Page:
Medical malpractice is the overarching legal term used to describe events that occur when a doctor departs from the profession’s accepted standards of care during treatment of a patient. When the doctor’s negligence results in significant and avoidable injury to the patient, then the patient may have a claim for medical malpractice.
Medical malpractice claims may be brought against doctors of all types — including surgeons, emergency room doctors, pediatricians, obstetricians, heart specialists, oncologists (for failure to diagnose cancer) and orthopedic doctors. Other health care professionals may also be vulnerable to charges of medical malpractice or medical negligence, including nursing staff in hospitals and in nursing homes.
Located in New Haven, the Connecticut personal injury law firm of Kennedy, Johnson, Schwab & Roberge, P.C., has a well-established practice representing people injured due to medical malpractice.
Several of our attorneys are rated AV Preeminent* through Martindale-Hubbell’s peer review rating system and have been selected for inclusion in Connecticut Super Lawyers as among the top attorneys in Connecticut. Our lawyers have a combined total of more than 150 years representing injured people throughout Connecticut, and our high rate of success is illustrated by some of our recent settlements and verdicts.
Medical malpractice lawsuits are usually complicated, time-consuming and costly. Each case begins with a thorough review of all relevant medical records — first by our attorneys in house, and then by outside medical experts. Based on the information in the medical records, we are able to determine whether our client has a valid claim for medical malpractice.
At this point, we have a frank and detailed conversation with our client and our client’s family. If the medical records review shows there was no error, or that the error did not cause significant and irreparable harm, then we may have to inform our client that no valid legal claim exists.
If, on the other hand, our own review and the independent review reveal that the doctor in question did depart from the accepted standard of care — and that significant injury resulted — then the case will move forward into a formal lawsuit.
Sometimes, medical malpractice lawsuits are resolved through negotiation or formal mediation or arbitration. Often, however, medical malpractice lawsuits must go to a trial in front of a jury if our client is to have the best chance of receiving full and fair compensation. In all cases, our clients’ medical malpractice cases receive our full and devoted attention from the moment we meet until a resolution is reached.
At Kennedy, Johnson, Schwab & Roberge, P.C., we handle all Medical Malpractice cases on a contingency fee basis. This means that we do not get paid unless and until you receive a settlement or a jury award.
Not every mistake or bad outcome is the basis for a lawsuit. Medical malpractice means that the doctors or medical professionals strayed from the accepted standard of care, resulting in serious and lasting harm. Many situations can be medical malpractice, from mistakes during surgery or childbirth to lab errors or failure to diagnose a life-threatening condition.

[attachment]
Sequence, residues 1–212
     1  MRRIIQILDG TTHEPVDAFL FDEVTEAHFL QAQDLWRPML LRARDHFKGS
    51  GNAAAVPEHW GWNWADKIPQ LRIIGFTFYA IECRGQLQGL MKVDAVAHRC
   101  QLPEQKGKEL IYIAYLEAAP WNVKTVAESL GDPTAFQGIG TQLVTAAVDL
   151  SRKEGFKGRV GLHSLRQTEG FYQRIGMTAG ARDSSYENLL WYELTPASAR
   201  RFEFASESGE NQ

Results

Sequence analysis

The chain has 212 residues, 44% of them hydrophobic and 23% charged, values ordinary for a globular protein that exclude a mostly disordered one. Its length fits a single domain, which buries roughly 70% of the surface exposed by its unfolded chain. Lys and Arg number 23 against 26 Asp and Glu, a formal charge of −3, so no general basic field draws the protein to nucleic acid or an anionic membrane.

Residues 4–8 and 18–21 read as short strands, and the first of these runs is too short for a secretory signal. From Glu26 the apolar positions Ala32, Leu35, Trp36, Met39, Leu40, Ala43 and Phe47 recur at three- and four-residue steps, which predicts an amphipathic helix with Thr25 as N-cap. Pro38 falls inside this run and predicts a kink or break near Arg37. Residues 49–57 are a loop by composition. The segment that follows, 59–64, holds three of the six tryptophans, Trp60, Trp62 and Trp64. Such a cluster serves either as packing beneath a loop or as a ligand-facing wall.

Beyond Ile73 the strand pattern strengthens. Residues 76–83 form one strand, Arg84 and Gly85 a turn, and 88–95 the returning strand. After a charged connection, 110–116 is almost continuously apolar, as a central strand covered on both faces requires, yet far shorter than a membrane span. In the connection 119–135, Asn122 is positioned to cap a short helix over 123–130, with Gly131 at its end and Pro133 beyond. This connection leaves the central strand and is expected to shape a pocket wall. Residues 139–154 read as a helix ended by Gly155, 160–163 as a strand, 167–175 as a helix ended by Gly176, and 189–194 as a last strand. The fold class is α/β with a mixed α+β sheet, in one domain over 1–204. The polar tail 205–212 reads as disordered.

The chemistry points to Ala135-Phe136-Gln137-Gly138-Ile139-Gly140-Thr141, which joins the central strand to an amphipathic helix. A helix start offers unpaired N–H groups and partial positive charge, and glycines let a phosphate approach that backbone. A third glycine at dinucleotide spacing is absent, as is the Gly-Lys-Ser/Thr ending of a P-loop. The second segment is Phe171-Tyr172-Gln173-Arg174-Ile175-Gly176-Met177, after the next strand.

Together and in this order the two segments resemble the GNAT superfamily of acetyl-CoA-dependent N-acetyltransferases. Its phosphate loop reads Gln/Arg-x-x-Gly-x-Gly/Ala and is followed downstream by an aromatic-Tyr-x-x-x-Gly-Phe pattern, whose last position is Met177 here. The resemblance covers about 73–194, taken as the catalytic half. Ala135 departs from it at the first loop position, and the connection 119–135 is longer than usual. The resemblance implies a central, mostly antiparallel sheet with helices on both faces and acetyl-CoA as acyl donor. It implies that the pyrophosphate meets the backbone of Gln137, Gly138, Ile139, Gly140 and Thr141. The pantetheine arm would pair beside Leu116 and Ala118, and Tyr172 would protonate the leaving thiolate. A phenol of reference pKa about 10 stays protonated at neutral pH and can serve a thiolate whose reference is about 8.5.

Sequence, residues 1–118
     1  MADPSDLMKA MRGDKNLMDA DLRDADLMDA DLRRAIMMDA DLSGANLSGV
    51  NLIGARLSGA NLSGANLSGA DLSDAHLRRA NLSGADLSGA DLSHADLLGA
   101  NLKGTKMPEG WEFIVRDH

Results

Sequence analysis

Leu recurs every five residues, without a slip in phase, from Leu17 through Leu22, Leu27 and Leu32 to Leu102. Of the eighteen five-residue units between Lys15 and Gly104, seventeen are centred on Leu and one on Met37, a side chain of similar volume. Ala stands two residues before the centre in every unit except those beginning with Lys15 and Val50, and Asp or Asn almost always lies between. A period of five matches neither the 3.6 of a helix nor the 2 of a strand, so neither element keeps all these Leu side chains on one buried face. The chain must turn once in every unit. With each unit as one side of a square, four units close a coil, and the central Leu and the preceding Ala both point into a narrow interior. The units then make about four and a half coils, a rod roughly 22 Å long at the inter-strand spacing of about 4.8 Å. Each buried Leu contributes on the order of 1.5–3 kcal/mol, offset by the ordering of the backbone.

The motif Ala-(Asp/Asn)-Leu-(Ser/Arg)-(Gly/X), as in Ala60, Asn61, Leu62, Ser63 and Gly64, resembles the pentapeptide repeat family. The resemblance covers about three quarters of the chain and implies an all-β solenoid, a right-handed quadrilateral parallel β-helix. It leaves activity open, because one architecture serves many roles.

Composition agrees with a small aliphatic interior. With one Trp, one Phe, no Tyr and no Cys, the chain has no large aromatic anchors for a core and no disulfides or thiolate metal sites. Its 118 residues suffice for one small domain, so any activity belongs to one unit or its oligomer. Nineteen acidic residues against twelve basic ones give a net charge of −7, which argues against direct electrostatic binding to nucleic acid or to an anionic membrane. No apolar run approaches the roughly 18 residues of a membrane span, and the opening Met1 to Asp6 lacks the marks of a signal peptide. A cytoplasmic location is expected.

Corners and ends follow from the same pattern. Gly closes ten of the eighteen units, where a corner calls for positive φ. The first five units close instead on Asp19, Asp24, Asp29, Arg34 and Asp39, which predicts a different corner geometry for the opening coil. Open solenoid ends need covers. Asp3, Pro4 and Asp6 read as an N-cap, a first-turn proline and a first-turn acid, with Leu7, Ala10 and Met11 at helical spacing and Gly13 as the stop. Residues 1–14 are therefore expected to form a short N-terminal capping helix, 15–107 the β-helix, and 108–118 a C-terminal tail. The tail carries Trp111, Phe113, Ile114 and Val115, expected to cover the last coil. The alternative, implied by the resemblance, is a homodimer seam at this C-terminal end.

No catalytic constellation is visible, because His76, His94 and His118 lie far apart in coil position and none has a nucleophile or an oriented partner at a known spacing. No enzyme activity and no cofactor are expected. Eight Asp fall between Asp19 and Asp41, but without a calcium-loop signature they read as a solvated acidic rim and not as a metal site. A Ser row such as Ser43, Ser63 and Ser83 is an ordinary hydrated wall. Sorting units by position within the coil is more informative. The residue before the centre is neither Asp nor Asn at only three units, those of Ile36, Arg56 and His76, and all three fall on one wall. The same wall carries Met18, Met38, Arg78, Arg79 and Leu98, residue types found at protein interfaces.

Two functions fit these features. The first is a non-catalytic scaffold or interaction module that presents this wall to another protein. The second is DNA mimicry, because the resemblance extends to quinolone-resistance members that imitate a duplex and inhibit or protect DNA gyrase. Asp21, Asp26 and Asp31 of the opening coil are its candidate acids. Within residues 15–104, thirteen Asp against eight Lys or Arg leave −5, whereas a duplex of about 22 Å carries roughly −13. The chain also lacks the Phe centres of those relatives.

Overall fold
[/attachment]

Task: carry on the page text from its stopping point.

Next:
You are entitled to damages for all associated medical treatment, including costs of medical intervention and future treatment. You should be compensated for lost income, time away from work or diminished earning capacity. You can seek damages for lasting injury, such as nerve damage, brain damage or amputation. You are entitled to compensation for pain and suffering. In rare cases, punitive damages may apply for egregious misconduct.
If someone dies as a result of medical negligence, the family can pursue a medical malpractice wrongful death lawsuit.
Connecticut does not limit damages on medical malpractice.
In general, you have two years to file a lawsuit. But it is best to consult legal counsel as soon as you have suspicions, to preserve your right to sue and to make sure important evidence is secured.
Any licensed medical professional or medical provider can be sued for negligence. Most physicians and surgeons are “independent contractors” and carry their own malpractice insurance. Some doctors are employees of the hospital or clinic, as are nurses and technicians. The lawsuit may name the physician, the hospital, the pharmacy or all of the above.
Not necessarily. Medical malpractice is more likely to be litigated, but when there is straightforward evidence of medical negligence there is a stronger likelihood that the medical provider will settle out of court.
Doctors are inclined to fight a lawsuit because their reputation and possibly their medical license is at stake. The standard of proof is high. The cost of expert witnesses is high. And juries are sympathetic to medical providers. Only a fraction of claims that are investigated proceed all the way to settlement or jury verdict.
Even with a viable case, you will need an experienced attorney on your side to prevail against medical providers and their insurance carriers. Call Kennedy Johnson Schwab & Roberge at 866-689-1248 to schedule a free consultation.